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Monday, December 8, 2008

Player Analysis: #38 Kyle Kendrick SP

Overall Season Numbers

Overall Opponent's AVG/OBP/SLG & wOBA: .304/.371/.484 & .378
-vs. RHB: .271/.335/.423 & .352
-vs. LHB: .334/.404/.541 & .401

IP: 155.7
K: 68
BB: 57
WHIP: 1.612
BB/PA: .079
K/9 IP: 3.93

Overall Career Numbers

Overall Opponent's AVG/OBP/SLG & wOBA: .294/.352/.469 & .361
-vs. RHB: .258/.311/.393 & .321
-vs. LHB: .329/.392/.544 & .399

IP: 276.7
K: 117
BB: 82
WHIP: 1.464
BB/PA: .067
K/9 IP: 3.81

In Kendrick's second season with the Phillies, his fate was definitely more in line with the numbers he put up. Kendrick managed to stack up the ever meaningless Ws in his rookie season, and compiled a 3.87 ERA. He did an admirable job of filling in the void in the Phillies starting rotation in 2007. However, the major leagues caught up to him, and as his control dipped this year, Kendrick was forced to leave his hittable fastball over the plate. Kendrick really only worked with 2 pitches this season, as he has never been able to develop a reliable third pitch that continually leaves hitters off balance. In 2007, his 2-seam fastball at least gave righties a little trouble, but in 2008 Kendrick's WHIP soared, and his numbers were quite awful against righties and lefties. While this was due in large part to his lack of control and walking hitters, Kendrick gave up far too many hits across the board.

While this is to be expected from a 2nd year player, local media would never let anyone in on the true story. Despite his climbing win total early in the season, Kyle Kendrick did not look like a pitcher the Phillies wanted to rely on to give them consistent wins. Even in the games where he held the opposition to few runs, it was quite evident that he was getting roped. I remember numerous times in the middle of the season where Mr. Musser and I would be discussing the perplexity of how Kendrick was able to escape the danger of that day's contest. Down the stretch, the Phillies skipped over his spot here and there due to his terrible outings, and rightly so.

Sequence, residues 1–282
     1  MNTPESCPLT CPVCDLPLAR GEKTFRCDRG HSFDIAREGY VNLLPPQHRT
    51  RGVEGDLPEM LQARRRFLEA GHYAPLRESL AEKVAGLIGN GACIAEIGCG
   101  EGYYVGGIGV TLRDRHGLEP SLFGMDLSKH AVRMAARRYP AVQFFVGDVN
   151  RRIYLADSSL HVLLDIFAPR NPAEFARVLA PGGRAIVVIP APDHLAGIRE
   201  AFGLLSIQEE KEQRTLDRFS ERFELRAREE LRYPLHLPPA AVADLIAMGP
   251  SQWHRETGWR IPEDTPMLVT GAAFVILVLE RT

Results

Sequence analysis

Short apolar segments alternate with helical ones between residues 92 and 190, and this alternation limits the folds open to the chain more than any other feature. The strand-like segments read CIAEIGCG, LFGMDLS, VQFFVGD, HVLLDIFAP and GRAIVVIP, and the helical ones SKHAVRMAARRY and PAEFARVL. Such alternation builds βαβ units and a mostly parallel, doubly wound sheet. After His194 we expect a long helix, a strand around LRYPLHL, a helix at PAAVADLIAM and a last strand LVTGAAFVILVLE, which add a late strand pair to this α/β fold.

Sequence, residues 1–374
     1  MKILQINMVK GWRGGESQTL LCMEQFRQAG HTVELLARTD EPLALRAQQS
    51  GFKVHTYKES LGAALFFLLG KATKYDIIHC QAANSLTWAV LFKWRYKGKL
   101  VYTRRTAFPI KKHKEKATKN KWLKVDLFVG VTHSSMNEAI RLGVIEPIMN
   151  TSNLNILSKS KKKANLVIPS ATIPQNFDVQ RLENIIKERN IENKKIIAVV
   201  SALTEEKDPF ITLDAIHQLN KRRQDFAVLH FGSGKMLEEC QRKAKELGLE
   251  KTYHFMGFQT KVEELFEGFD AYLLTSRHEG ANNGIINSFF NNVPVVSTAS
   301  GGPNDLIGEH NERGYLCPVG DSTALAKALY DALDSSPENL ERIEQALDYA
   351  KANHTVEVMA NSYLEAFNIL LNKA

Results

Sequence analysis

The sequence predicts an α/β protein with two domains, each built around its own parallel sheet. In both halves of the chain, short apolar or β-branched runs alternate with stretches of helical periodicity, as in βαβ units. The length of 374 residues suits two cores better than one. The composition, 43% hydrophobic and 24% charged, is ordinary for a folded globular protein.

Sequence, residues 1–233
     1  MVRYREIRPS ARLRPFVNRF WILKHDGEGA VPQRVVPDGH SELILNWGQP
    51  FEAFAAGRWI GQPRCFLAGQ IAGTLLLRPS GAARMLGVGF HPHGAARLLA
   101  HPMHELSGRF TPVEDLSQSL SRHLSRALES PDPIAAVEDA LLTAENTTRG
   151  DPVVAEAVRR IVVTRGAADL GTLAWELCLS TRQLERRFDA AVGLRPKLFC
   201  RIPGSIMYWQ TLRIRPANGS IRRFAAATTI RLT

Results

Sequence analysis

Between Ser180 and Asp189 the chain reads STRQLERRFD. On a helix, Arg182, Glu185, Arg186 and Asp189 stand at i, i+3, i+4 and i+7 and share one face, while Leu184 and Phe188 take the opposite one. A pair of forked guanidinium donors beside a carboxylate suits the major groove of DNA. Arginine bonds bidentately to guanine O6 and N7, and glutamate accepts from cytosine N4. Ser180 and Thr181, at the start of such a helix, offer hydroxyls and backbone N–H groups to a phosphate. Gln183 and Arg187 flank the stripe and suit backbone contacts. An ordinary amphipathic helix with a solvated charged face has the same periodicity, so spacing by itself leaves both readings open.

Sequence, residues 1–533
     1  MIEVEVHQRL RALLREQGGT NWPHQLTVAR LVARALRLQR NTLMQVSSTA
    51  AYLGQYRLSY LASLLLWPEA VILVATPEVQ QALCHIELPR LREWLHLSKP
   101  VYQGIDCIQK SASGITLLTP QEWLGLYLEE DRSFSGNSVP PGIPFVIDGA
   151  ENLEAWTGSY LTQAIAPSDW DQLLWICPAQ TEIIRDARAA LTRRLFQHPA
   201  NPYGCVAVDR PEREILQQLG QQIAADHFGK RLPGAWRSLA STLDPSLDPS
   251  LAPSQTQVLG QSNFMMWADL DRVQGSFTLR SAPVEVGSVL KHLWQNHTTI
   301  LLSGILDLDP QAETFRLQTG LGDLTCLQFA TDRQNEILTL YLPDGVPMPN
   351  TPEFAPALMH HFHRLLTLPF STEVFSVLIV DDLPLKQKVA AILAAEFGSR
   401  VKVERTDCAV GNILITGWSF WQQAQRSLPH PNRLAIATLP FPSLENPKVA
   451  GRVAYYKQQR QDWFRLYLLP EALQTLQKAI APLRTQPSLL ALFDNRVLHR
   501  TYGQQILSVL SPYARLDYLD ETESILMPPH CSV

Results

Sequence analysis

While all hope for Kendrick should not be abandoned, people should come to realize that Kyle Kendrick (and Adam Eaton in 2007) are the prime examples of how a pitcher's Win total does not always reflect good or even average pitching. If Kendrick can regain his command, gain some velocity on his fastball, and develop a third pitch, he could eventually become a decent Major League pitcher. As The Book preaches, non-strikeout pitchers tend to have a much more difficult time lasting in the Majors than do even average strikeout pitchers for the simple fact that they rely on a hitter's ability when making contact for success. This is not always a recipe for success, and Kendrick appears to be a prime example of that. For now, I don't think he has any place in the Phillies rotation, and should perhaps give it another shot somewhere down the line. Hopefully the front office is not left with the decision of whether or not he should be on the opening day roster, and they pick up a reliable arm.

Next up: #43 J.A. Happ SP/RP

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